Tuesday, October 21, 2014

The Confederate Flag and (White) Southern Pride

The following is reprinted with permission from the author.  - sm

To those who, like me, were raised to believe that the Confederate Flag is a symbol of Southern Pride...

I grew up in Maryland, the Old Line State. My birthplace was not that far south of the Mason-Dixon line. My father's people, though, were from Maryland, Virginia, West Virginia, and North Carolina. Family lore has it that one of my great-great-great grand uncles from Virginia took up the cause against Northern aggression, was captured, and slowly was starved to death at the Point Lookout prison camp for Confederate soldiers in Maryland. I was raised to be proud of that ancestor's reputation for kindness to everyone - even his slaves- and for being a responsible and loving family man. I was reminded that we should not be ashamed of our history and we should learn from it. I learned those lessons in places where almost every garage or work shed had the Confederate Flag hanging. I learned those lessons from kind, caring, loving people, who always gave generously to everyone, even when they didn't have enough.

I have retained many of those lessons, about sacrifice and duty and family and history. But there is another lesson from my ancestor that I carry with me every day and use as a "check" in my interactions with people who do not share my experiences. If the myth of my ancestor is true – if he was a kind, loving, generous-to-a-fault person, who fought and died for his State and who was kind to everyone, free or not – then the real lesson that I have to learn is that otherwise kind, caring, and brave people are capable of unspeakable acts of cruelty, particularly when social norms permit that cruelty.

I am not guilty about my family’s past history. That history, however, serves as a powerful reminder. Just like my ancestor was able to convince himself that owning humans could somehow fit into a moral scheme that supposedly valued generosity and kindness, I am sure that there are things that I convince myself are totally valid and proper that actually are cruel and devaluing. That's the complicated white Southern history that I think about when I see the flag. The Confederate flag reminds me to listen critically, especially when the words that I hear make me feel uncomfortable and defensive.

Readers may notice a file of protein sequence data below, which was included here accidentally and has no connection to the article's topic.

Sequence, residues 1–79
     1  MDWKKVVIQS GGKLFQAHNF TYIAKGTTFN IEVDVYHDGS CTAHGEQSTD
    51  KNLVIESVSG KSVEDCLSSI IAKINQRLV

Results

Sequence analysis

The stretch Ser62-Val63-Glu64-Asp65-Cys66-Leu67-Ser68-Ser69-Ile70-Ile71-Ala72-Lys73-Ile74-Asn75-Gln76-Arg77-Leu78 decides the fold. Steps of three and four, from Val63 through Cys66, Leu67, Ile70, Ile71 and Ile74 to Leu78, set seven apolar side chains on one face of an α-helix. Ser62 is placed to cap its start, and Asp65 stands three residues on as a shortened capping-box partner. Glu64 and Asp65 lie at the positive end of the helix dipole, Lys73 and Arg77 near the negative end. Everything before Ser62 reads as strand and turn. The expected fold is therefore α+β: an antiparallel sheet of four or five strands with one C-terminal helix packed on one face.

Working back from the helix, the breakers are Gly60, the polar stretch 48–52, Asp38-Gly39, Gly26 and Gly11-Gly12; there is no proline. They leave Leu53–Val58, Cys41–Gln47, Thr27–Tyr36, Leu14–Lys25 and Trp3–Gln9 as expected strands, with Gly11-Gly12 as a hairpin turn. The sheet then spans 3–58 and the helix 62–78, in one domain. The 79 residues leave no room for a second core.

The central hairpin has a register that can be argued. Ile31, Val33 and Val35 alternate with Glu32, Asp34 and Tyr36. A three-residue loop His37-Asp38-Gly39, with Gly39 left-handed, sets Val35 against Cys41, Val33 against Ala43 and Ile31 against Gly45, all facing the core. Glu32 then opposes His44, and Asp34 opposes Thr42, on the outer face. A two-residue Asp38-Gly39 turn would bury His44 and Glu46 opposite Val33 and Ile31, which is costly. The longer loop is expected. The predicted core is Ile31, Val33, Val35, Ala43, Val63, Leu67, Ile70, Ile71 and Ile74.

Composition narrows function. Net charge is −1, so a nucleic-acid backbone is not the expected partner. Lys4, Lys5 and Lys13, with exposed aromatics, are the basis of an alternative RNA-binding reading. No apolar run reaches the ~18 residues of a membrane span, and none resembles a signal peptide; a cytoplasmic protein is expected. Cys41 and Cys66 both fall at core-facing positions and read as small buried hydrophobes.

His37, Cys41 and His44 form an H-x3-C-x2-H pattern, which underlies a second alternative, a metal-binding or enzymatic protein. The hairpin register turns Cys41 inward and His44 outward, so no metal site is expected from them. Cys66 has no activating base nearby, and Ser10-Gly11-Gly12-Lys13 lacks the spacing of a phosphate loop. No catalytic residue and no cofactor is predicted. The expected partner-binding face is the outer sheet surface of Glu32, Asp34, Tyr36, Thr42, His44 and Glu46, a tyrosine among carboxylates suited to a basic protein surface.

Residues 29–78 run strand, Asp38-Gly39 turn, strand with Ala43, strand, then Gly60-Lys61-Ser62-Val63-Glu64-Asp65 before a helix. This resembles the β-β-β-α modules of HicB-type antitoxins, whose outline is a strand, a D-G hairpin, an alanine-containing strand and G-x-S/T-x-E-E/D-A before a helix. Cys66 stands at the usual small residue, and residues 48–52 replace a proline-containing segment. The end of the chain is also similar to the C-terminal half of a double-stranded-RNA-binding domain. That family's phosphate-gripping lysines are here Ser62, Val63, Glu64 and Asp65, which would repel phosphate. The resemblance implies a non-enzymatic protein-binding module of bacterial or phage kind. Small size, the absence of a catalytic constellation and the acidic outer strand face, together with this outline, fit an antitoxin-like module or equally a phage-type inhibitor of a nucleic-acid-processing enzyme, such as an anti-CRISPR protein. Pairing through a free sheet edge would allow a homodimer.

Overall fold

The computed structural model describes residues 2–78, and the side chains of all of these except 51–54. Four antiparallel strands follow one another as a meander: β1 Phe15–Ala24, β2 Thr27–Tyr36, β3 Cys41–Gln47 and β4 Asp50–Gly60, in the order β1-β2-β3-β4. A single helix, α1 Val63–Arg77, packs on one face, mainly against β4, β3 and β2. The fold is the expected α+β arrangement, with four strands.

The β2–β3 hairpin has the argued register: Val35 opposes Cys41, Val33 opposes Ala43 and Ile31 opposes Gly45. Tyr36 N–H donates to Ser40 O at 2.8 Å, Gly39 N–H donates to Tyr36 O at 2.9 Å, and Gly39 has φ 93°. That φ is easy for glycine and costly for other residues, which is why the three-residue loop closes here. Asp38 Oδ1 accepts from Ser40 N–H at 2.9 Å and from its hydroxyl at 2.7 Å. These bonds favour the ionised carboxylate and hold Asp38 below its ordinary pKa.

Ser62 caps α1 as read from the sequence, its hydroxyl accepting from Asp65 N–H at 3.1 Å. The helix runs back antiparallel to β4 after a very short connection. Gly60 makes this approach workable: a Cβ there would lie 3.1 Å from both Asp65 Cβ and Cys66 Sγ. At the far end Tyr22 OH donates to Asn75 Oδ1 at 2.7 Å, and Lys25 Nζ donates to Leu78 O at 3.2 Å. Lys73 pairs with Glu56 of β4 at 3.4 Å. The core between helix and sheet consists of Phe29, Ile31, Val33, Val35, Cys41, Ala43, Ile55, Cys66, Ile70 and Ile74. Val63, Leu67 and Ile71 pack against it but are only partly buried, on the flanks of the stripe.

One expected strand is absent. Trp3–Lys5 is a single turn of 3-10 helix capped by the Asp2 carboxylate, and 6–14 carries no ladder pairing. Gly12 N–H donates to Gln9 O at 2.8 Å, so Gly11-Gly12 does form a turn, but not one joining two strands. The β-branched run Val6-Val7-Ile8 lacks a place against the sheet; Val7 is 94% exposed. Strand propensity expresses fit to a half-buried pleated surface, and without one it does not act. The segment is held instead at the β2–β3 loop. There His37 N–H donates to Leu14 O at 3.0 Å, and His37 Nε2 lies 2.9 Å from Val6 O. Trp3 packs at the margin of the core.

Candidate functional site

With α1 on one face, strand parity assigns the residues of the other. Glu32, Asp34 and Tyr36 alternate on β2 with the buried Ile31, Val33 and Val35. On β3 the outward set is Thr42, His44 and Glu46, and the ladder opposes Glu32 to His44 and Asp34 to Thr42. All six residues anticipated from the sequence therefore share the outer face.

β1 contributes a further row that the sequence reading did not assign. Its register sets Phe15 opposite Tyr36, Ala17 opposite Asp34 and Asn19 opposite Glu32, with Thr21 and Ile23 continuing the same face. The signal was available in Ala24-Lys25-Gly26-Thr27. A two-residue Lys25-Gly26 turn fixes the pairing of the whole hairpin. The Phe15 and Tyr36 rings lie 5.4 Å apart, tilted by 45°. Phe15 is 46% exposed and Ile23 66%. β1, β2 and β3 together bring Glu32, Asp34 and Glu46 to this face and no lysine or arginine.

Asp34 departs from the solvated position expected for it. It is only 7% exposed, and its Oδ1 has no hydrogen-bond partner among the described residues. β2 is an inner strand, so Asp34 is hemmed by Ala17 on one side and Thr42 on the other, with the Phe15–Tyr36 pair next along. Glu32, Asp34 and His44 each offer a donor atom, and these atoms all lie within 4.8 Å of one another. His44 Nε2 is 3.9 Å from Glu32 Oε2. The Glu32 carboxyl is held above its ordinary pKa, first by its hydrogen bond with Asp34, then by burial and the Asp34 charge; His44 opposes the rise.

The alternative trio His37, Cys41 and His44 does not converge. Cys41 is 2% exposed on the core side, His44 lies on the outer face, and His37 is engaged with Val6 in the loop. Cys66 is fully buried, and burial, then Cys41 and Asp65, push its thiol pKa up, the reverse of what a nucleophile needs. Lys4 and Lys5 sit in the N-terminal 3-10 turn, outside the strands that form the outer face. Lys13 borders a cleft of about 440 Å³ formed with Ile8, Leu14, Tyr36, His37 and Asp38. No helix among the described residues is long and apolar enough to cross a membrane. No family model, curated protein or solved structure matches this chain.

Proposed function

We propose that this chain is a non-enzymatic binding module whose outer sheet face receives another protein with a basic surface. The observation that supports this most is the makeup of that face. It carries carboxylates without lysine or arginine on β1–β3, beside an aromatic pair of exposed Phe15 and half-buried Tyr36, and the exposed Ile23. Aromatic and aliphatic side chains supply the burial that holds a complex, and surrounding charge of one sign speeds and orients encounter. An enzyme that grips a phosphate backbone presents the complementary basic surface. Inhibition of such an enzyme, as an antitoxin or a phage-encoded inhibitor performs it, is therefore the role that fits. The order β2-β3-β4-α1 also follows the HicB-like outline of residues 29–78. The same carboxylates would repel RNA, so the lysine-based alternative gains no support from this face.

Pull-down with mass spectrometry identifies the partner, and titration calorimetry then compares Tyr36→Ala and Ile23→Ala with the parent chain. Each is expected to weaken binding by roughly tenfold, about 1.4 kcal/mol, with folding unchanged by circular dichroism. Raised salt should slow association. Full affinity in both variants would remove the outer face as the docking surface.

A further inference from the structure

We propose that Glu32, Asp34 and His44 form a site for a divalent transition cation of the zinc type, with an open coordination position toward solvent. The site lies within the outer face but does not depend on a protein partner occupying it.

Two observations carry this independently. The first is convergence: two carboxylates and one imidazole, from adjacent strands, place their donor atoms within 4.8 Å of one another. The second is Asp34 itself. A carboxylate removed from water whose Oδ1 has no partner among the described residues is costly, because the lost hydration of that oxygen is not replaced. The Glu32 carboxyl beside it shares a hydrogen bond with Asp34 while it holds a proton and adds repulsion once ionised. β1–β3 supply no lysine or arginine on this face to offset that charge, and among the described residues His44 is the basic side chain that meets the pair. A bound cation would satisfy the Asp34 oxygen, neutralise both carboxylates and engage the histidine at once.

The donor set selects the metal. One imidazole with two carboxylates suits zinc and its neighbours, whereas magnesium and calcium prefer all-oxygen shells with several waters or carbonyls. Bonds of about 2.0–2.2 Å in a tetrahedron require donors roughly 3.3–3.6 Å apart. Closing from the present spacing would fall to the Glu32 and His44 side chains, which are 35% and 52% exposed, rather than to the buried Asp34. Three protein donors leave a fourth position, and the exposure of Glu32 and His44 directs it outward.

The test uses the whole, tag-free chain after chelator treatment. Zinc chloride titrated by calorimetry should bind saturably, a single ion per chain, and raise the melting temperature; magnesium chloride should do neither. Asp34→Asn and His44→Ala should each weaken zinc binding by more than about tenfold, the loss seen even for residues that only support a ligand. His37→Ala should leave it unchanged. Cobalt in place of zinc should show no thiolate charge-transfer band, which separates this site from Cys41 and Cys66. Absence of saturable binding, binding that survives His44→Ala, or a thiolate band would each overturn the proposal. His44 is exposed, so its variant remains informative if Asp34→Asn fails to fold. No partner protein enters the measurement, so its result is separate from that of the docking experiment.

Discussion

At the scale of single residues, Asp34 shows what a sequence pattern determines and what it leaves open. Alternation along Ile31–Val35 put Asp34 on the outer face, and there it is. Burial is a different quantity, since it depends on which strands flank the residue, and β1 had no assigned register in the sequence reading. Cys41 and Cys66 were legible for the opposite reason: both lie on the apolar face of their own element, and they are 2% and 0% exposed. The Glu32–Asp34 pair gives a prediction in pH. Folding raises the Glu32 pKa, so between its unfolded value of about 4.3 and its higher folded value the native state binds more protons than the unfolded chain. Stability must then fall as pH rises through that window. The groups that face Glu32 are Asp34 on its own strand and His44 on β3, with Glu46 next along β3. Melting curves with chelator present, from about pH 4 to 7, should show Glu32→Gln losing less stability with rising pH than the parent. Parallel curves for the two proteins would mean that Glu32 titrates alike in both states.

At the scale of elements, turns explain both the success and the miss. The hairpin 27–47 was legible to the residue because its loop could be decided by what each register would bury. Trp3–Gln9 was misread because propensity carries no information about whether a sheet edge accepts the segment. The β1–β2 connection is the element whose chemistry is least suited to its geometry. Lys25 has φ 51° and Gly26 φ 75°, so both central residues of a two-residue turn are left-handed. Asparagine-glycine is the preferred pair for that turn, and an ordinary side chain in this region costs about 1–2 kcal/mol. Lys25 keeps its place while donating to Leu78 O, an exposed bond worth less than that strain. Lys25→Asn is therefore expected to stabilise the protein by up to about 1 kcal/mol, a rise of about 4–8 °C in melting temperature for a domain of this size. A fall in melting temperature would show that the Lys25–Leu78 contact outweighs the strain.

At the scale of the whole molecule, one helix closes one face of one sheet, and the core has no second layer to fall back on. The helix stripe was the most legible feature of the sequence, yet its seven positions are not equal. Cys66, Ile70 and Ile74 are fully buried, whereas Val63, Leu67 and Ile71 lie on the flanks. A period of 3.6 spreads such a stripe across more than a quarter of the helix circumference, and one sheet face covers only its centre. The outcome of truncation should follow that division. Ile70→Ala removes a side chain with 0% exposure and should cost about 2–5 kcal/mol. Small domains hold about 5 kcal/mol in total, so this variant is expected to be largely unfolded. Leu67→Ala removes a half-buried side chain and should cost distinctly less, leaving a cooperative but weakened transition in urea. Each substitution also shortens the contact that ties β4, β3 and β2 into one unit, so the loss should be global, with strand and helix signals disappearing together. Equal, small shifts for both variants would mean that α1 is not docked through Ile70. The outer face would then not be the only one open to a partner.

To those who, like me, were raised to view the Confederate Flag as a symbol of Southern pride.... We all know, each one of us, that the flag isn't really a symbol of Southern pride. It's a symbol of white Southern pride. We edit out the "white" part because it makes us uncomfortable and reveals the flag for what it really is. If we are being honest with ourselves, though, we know the "white" is still there. I know many people who fly the flag and speak of Southern pride, but behind closed doors speak fondly of the days of segregation. I still see in my mind the Confederate flags that the KKK flew in front of my best friend's store in Southern Maryland when the Klan wanted her father, a prominent Indian immigrant, to move. I still remember the Confederate flag flying in the garage of a neighbor who addressed her housekeeper, whom she loved dearly, not as “Miss___” but as “Black ___.” I remember the sound of the Confederate flag flapping when I was 6 or 7 and drinking a Coca-Cola in a small general store off a dirt road in West-By-God Virginia that had a "No Coloreds" sign in the window (1983 or 84). Here's a little bit of truth... No matter how much we want the flag to be our symbol of survival and rebellion and states' rights, we know deep down that the flag is just as much about white pride. That kind of pride comes at someone else's expense.

We know, if we’re being honest, that the flag is a weapon. It terrorizes. I am sure that my neighbor’s housekeeper, who was from the South, did not view her southern heritage as wrapped up in those stars and bars. Even though I may really want the flag to be a symbol of my love of the South, I know deep down that it is a threat to a whole class of fellow Southerners.